Wegener's granulomatosis The ACR proposed four clinical criteria for the classification of Wegener's granulomatosis in 1990, before the availability of ANCA testing : Nasal or oral inflammation (painful or painless oral ulcers or purulent or bloody nasal discharge). Abnormal chest radiograph showing nodules, fixed infiltrates, or cavities. Abnormal urinary sediment (microscopic hematuria or red cell casts). Granulomatous inflammation on biopsy of an artery or perivascular area.

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The presence of two or more of these four criteria yielded a sensitivity of 88 percent and a specificity of 92 percent. As a result, an abnormal chest radiograph or the findings of granulomatous inflammation on biopsy are not absolute requirements to distinguish patients with Wegener's granulomatosis from those with other forms of vasculitis.

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Antineutrophil cytoplasmic antibodies — At present, the diagnosis of Wegener's granulomatosis is suggested from the clinical and laboratory findings and from the presence of circulating antineutrophil cytoplasmic antibodies (ANCA) that are usually directed against proteinase 3 (C-ANCA) . Almost all patients with active systemic Wegener's granulomatosis have a positive ANCA . However, ANCA alone, including the presence of antiproteinase 3 antibodies which are more specific for Wegener's granulomatosis , does not appear to be sufficiently accurate to preclude the need for tissue biopsy.

Microscopic polyangitis: 

Microscopic polyangitis Some patients have equivalent vasculitic lesions to those observed in Wegener's granulomatosis , but, at least at presentation, do not have symptomatic or histologic respiratory involvement; such individuals are considered to have microscopic polyarteritis . However, two observations suggest that this disorder is closely related to Wegener's granulomatosis and should be considered similarly: some patients subsequently develop classic respiratory tract lesions and ANCA are typically present

Hypersensitivity vasculitis : 

Hypersensitivity vasculitis The ACR proposed the following five criteria for the classification of hypersensitivity vasculitis in a patient with vasculitis : Age >16 Use of a possible offending drug in temporal relation to the symptoms Palpable purpura . Maculopapular rash Biopsy of a skin lesion showing neutrophils around an arteriole or venule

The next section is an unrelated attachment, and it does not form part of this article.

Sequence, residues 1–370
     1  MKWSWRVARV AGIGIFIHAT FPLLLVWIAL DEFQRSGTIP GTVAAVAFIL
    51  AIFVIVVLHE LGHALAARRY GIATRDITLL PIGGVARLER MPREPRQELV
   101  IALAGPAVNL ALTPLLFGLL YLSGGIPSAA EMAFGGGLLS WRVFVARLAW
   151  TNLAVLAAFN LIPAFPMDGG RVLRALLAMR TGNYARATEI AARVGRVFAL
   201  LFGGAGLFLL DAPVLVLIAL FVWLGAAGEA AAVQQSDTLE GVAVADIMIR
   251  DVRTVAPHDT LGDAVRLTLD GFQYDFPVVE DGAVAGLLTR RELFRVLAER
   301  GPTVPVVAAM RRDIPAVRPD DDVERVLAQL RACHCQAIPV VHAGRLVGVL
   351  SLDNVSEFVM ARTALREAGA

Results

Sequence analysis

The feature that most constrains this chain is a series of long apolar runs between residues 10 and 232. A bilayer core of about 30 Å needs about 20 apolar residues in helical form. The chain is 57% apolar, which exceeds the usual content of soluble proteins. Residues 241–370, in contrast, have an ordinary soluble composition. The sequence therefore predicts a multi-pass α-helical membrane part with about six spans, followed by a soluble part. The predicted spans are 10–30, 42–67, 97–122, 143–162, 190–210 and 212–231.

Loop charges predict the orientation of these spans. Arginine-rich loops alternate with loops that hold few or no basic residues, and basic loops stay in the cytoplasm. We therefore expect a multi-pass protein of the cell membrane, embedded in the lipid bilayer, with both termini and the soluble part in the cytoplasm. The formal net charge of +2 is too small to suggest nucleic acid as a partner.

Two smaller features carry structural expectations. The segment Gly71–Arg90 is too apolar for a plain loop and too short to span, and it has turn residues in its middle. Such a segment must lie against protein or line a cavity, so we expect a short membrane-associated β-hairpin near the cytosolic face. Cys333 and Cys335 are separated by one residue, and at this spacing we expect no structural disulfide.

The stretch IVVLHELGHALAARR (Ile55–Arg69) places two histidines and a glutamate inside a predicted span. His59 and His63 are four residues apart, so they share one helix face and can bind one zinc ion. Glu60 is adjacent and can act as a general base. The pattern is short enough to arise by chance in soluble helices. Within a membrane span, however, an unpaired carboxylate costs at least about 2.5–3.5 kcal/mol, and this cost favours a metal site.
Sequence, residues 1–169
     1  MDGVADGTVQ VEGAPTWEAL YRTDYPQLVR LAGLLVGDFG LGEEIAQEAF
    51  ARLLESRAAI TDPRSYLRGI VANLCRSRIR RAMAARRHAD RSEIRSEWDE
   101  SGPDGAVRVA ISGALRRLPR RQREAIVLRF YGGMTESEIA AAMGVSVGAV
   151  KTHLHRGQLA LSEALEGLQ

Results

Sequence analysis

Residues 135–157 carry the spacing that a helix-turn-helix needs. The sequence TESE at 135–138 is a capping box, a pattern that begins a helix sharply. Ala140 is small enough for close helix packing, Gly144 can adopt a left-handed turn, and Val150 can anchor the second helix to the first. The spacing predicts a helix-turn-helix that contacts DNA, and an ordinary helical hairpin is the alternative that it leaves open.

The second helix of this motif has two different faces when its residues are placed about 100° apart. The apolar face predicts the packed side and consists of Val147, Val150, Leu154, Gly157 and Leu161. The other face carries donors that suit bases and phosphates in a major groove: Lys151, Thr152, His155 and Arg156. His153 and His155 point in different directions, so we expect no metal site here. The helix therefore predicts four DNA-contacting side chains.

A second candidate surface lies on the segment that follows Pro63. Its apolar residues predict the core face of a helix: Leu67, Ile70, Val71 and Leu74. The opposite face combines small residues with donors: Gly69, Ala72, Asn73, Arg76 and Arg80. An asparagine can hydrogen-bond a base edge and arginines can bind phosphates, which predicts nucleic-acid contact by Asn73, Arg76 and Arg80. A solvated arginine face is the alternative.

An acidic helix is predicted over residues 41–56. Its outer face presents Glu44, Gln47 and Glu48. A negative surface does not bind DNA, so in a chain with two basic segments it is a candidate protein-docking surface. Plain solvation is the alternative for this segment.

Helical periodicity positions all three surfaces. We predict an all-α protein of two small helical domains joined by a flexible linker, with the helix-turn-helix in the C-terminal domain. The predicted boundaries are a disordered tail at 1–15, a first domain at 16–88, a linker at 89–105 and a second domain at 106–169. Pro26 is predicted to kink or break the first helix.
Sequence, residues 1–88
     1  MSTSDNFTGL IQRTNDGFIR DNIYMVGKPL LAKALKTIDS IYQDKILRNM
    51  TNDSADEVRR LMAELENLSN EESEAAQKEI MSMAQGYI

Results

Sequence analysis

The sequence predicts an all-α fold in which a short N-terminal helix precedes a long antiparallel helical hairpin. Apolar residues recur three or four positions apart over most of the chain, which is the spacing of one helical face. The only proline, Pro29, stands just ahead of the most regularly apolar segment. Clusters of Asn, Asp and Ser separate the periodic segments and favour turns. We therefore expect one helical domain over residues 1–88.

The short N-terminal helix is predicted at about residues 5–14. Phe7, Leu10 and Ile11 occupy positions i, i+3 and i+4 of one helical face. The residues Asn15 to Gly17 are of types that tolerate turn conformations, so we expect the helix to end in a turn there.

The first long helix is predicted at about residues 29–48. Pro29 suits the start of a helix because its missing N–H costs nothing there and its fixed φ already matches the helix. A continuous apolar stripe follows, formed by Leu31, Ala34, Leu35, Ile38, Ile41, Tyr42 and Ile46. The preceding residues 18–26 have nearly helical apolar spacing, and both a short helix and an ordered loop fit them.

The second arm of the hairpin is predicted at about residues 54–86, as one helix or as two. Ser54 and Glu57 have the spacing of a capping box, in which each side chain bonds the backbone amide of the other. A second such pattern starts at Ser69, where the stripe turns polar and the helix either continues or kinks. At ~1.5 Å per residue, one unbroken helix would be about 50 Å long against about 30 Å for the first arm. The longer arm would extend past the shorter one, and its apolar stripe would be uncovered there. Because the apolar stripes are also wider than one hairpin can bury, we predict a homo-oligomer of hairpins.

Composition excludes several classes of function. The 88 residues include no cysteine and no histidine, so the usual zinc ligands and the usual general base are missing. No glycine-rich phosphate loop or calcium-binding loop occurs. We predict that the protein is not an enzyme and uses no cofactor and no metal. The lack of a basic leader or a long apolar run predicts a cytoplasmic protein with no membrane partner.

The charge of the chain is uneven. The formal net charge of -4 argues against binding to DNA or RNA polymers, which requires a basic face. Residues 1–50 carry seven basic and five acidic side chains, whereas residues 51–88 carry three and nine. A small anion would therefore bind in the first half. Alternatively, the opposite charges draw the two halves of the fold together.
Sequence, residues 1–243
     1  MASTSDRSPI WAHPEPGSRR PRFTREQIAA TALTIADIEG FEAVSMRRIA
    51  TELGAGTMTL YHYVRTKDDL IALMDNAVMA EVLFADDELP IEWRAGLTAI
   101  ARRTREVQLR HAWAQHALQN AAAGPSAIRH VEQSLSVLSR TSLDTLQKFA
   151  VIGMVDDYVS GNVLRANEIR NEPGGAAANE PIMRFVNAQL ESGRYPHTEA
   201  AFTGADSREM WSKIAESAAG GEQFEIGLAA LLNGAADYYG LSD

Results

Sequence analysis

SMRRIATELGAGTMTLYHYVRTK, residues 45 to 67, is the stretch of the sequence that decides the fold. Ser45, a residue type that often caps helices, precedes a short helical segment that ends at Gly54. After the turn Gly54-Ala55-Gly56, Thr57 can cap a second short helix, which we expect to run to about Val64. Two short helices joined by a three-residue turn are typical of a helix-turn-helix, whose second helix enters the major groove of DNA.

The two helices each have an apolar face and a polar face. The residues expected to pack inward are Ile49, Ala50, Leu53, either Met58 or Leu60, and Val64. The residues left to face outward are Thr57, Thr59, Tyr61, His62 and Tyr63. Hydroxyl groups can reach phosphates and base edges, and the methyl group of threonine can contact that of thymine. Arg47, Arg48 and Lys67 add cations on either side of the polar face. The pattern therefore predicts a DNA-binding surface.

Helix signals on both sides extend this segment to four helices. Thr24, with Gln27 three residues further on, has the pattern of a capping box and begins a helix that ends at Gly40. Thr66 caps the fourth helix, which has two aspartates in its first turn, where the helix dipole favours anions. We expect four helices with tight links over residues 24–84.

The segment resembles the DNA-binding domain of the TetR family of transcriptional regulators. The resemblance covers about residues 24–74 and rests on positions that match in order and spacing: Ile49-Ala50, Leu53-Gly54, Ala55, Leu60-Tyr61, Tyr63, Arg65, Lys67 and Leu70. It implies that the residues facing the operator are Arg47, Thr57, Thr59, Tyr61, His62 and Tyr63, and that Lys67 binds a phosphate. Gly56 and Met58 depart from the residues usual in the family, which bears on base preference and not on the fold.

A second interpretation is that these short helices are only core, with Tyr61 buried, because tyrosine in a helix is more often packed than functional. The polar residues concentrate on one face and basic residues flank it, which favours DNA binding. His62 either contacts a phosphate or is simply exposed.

Henoch-Schönlein purpura : 

Henoch-Schönlein purpura HSP is characterized by the deposition of IgA on skin or renal biopsy.There are also clinical criteria : Palpable purpura Bowel angina Gastrointestinal bleeding Hematuria Age at onset ≤ 20 years lesion No new medications The presence of three or more of the six criteria yielded a correct classification of HSP in 87 percent of. The presence of two or fewer criteria yielded a correct classification of hypersensitivity vasculitis in 74 percent

Essential cryoglobulinemic vasculitis: 

Essential cryoglobulinemic vasculitis Specific criteria for a diagnosis of essential cryoglobulinemic vasculitis have not yet been formulated. The diagnosis is typically made from the history, skin purpura , low complement levels, demonstration of circulating cryoglobulins , and histology showing small vessel inflammation with immune deposits found in the vascular walls.

Vasculitis secondary to connective tissue disorders : 

Vasculitis secondary to connective tissue disorders The diagnostic criteria for vasculitis secondary to an underlying connective tissue disorder, and not a primary disorder, rests upon histologic evidence of a vasculitis in combination with a firm diagnosis of a connective tissue disorder. Discussions of the criteria for the diagnosis of those connective tissue disorders in which vasculitis may emerge is presented in the appropriate topic reviews.

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DIFFERENTIAL DIAGNOSIS — Patients with nonvasculitic disease processes may present with symptoms and findings which closely mimic those of the various vasculitides . Perhaps most common are systemic rheumatic diseases such as systemic lupus erythematosus . Other disorders that should be considered in selected patients include: Fibromuscular dysplasia (predominantly affects the aorta and its primary branches) Cholesterol emboli Atrial myxoma with emboli Infective endocarditis Malignancies, such as lymphomatoid granulomatosis /polymorphic reticulosis and angioimmunoblastic T cell lymphoma Mycotic aneurysm with embolization (predominantly with arteriole, capillary, and venule involvement) Bacteremia Rickettsial infection Ergotism (principally affects medium and small sized muscular arteries) Thrombocytopenia and other processes associated with purpura Radiation fibrosis (radiation-induced vasculopathy ) Neurofibromatosis Congenital coarctation of the aorta Amyloidosis Livedoid vasculopathy Malignant atrophic papulosis ( Degos disease or syndrome) Necrotic arachnidism ( Loxosceles species spider bites)